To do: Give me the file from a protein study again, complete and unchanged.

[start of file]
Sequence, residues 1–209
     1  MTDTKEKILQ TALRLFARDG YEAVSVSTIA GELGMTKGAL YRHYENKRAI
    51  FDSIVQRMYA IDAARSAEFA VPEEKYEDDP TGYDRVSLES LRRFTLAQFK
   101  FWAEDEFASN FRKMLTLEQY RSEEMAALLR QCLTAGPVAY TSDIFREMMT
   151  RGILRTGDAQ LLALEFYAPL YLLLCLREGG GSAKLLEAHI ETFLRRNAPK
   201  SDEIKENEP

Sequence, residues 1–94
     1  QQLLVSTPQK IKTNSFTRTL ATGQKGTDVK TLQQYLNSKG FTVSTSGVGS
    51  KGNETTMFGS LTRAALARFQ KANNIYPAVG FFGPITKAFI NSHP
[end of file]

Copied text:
Sequence, residues 1–209
     1  MTDTKEKILQ TALRLFARDG YEAVSVSTIA GELGMTKGAL YRHYENKRAI
    51  FDSIVQRMYA IDAARSAEFA VPEEKYEDDP TGYDRVSLES LRRFTLAQFK
   101  FWAEDEFASN FRKMLTLEQY RSEEMAALLR QCLTAGPVAY TSDIFREMMT
   151  RGILRTGDAQ LLALEFYAPL YLLLCLREGG GSAKLLEAHI ETFLRRNAPK
   201  SDEIKENEP

Sequence, residues 1–94
     1  QQLLVSTPQK IKTNSFTRTL ATGQKGTDVK TLQQYLNSKG FTVSTSGVGS
    51  KGNETTMFGS LTRAALARFQ KANNIYPAVG FFGPITKAFI NSHP